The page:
How To Make, And Keep, New Years Resolutions

Research has shown that while over half of Americans make New Years resolutions at the start of a new year, only 8% of Americans keep or fulfill their goal. Problems identified in why they can’t keep their goals include goals that are too vague, too hard to attain, or take too long to see results.  Humans are results driven, and we quickly lose our motivation during tasks that we identify as difficult if we don’t see a payoff.

This is where the SMART strategy of making goals can come in handy.  While in truth, making a New Years resolution is an arbitrary start date, there is something nice that comes with starting the new year with new habits, and attainable goals.  SMART goals were originally used in management, with the acronym meaning:

S – Specific: Having an identified target or goal in mind.  A specific goal is important, as this is how you will know when you have reached the goal.  A vague goal would be “I want to run more.”  A more specific goal would be “I want to run 10 races by the end of the year.”

M – Measurable: This is how you know that you are making progress on your goal.  A measurable goal can be about time, such as “I will run 4 times a week.”  Or it can be about improvement, such as “I will beat my racing time each race I run in.”

A – Attainable:This is about how possible the goal is.  Setting a goal of running 10 races may be unattainable to a couch potato who has never run.  Instead, making the goal more attainable, such as “I will walk three evenings a night,” and allowing yourself to modify and tweak the goal once the attainable has been attained.  For the running example, a system like the Couch to 5k Running Program may help make this more attainable.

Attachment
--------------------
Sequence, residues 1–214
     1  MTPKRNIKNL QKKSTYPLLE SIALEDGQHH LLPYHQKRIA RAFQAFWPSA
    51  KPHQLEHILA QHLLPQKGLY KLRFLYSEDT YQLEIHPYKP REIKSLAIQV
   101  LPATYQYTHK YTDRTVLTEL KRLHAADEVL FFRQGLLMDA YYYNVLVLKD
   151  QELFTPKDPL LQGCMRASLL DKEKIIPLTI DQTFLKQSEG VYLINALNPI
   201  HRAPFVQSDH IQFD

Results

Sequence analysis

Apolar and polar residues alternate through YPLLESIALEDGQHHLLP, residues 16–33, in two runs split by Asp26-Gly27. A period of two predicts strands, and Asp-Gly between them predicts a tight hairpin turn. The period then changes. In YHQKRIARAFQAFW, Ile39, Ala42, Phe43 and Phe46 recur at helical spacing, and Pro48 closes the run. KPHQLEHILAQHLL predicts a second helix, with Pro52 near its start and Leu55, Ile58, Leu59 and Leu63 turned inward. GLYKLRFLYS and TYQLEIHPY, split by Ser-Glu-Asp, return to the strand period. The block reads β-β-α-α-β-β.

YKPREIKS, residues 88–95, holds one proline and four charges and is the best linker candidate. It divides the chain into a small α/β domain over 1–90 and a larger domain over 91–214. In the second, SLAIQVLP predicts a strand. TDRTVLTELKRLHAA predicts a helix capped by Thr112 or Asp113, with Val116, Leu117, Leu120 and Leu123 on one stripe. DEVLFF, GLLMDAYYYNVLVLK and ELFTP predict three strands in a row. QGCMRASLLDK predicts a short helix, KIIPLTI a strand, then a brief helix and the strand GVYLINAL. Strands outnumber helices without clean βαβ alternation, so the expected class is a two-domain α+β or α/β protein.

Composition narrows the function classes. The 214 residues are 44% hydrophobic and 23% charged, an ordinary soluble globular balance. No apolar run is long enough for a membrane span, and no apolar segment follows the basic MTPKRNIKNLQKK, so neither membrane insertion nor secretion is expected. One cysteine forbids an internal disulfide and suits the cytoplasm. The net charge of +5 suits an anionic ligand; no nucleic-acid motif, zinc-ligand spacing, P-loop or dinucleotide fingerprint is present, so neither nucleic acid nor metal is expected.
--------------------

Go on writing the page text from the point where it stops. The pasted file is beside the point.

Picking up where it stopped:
R – Resources: This is the part of the goal where you look around and see what support and help you might need.  Therapy can be a very helpful place to make and set goals.  Perhaps having something like a heart rate monitor, or a running club.  Research has suggested that accountability is a factor in reaching set goals.  Share your resolution, and your progress, with friends and loved ones.  When they check in with you on your goal, that is helping to keep you accountable.

T – Time Bound: Setting a goal means having an end date in mind.  While most New Years resolution are set with a year deadline by default, it actually will help to keep you on track and seeing the pay off of results with sooner, more immediate deadlines.  The goal set above, of running 10 races in a year, has a year as the deadline.  It may help for a goal like this, though, to set smaller deadlines, such as “I want to register for my first race by Valentines Day,” and “I will beat my time in my first race by my second race.”

The most important thing in making and keeping a resolution is that it works for you.  Figuring out a system, making a goal, and keeping track of your progress will help you stay focused, and having support in reaching your goals will help you stay accountable.